JIMMY KIMMEL, HOST, "JIMMY KIMMEL LIVE!": Said he wants to transform Twitter as a platform for free speech around the globe. Yes, that's the problem with Twitter, no one can say what they think. They -- they're holding back.
(END VIDEO CLIP)
COLLINS: Elon Musk's $44 billion purchase of Twitter was getting roasted by late night hosts. But there are real questions about how the platform will change under the new owner.
Still with us this morning is George Conway.
And so, George, I do wonder, what do you think Twitter is going to look like with Elon Musk as the owner?
CONWAY: I honestly don't know. I just wonder what people -- I'm amazed how stirred up people are about it because I don't know what it is they think that he is going to do that is going to be so bad. I mean he's spending, I don't know, what, $44 billion or whatever the number was to buy this thing. He's not going to destroy it, I assume. Maybe he will. In which case, we'll all go out and find some place else to express our views. It's not a -- I don't see what the big deal is, frankly. If he wants to spend that money, more power to him.
BERMAN: Well, one thing could be, George, and, you know, you, I think, applauded when Twitter took Donald Trump off of the platform. He could allow the former president to go back on.
CONWAY: Yes, he could. And, you know, I would prefer that they don't allow him to go back on because I think he's a menace and I think he's a liar. I think he spreads disinformation. On the other hand, he's still there. And the fundamental problem is, you know, that he's still in our public life, which is some -- which is the fault not of any social media policy and wouldn't be Elon Musk's fault if he let Trump back on, which I oppose, it's the fault of the United States Senate, which had the opportunity and constitutional obligation to bar him from holding federal office ever again. That's what -- that's -- that's who the responsibility for -- for any, you know, ongoing damage that Trump causes to our country resides in. And it resides with the Republicans in the United States Senate who refused to bar him from public office by acquitting him at the impeachment trial in 2021.
BERMAN: One last question back on the texts, George. These are texts that Mark Meadows willingly, more or less, handed over to the January 6th committee. There's still a whole bunch of texts and information he's keeping from them. And isn't it fair to wonder, I mean if this is the stuff he didn't think that was as bad, what's in the stuff that he thinks might be bad?
CONWAY: Yes. Right. Absolutely. I mean according to the record produced by the -- the report produced by the House January 6th committee in seeking a contempt citation against Meadows, they said that there were basically 1,000 more texts that he claimed -- that Meadows claimed executive privilege or attorney/client privilege. And there's no basis for that. I mean Trump lost the case against the GSA in December and January, which means there's no executive privilege here. And as far as attorney/client privilege is concerned, well, who is the client? If it's Donald Trump personally, well, he, you know, Meadows worked for the United States of America. He was chief of staff of the White House. If it's the campaign, same thing, he was chief of staff of the White House. He had no business engaging in any activity that wasn't activity for the interests of the United States of America instead of -- and not Donald Trump.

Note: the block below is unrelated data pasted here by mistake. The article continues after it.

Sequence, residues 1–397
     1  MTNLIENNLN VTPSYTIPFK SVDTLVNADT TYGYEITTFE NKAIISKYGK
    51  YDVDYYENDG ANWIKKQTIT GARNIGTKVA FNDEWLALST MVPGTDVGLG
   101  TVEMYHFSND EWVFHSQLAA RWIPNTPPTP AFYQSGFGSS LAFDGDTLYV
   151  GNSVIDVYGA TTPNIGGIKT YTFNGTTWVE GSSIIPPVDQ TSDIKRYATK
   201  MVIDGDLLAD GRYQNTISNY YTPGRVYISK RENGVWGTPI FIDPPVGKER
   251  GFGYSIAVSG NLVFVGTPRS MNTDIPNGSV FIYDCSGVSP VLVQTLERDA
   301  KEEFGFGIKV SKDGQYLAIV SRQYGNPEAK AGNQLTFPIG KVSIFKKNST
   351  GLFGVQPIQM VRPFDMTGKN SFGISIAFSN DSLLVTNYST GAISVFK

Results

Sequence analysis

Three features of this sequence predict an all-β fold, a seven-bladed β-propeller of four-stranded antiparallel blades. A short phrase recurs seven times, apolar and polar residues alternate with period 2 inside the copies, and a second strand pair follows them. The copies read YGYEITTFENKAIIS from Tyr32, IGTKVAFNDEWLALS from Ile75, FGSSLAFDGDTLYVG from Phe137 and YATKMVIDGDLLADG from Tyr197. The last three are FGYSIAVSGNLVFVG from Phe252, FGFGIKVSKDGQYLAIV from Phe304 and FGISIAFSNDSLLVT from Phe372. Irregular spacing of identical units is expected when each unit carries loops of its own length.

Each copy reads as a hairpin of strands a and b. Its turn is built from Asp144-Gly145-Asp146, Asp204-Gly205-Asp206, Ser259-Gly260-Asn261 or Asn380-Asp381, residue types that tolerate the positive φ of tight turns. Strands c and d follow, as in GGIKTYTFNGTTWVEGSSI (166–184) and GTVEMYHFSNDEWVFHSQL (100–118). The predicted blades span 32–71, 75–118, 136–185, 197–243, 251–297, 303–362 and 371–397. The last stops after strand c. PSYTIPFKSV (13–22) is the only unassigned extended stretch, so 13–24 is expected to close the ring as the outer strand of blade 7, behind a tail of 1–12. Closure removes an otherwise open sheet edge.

And so, you know, any attorney/client privilege, which that belongs to Trump or to the campaign doesn't -- you know, it's broken because -- because of the information -- if it's -- the information was shared with Meadows. So there's no basis for privilege at all. So you do really have to wonder, what's in those unproduced, hidden texts.
BERMAN: George Conway, great to see you. Thank you so much.
CONWAY: Thank you.
BERMAN: Next, Dr. Sanjay Gupta joins us on the new revelations this morning from former Trump Covid adviser Dr. Deborah Birx, like what was really going through her mind when Trump said this --
(BEGIN VIDEO CLIP)
DONALD TRUMP, FORMER U.S. PRESIDENT: And then I see the disinfectant, where it knocks it out in a minute, one minute, and is there a way we can do something like that by injection.
(END VIDEO CLIP)
COLLINS: Plus, the body of a Texas National Guard member has been recovered three days after he tried to rescue migrants who were trying to cross the Rio Grande. We have the latest from the U.S./Mexico border, next.
(BEGIN VIDEO CLIP)
DONALD TRUMP, FORMER U.S. PRESIDENT: And the I see the disinfectant, where it knocks it out in a minute, one minute, and is there a way we can do something like that by injection inside or -- or almost a cleaning, because you see it gets in the lungs and it does a tremendous number in the lungs. So it would be interesting to check that. So that -- you're going to have to use medical doctors, but it sounds -- it sounds interesting to me.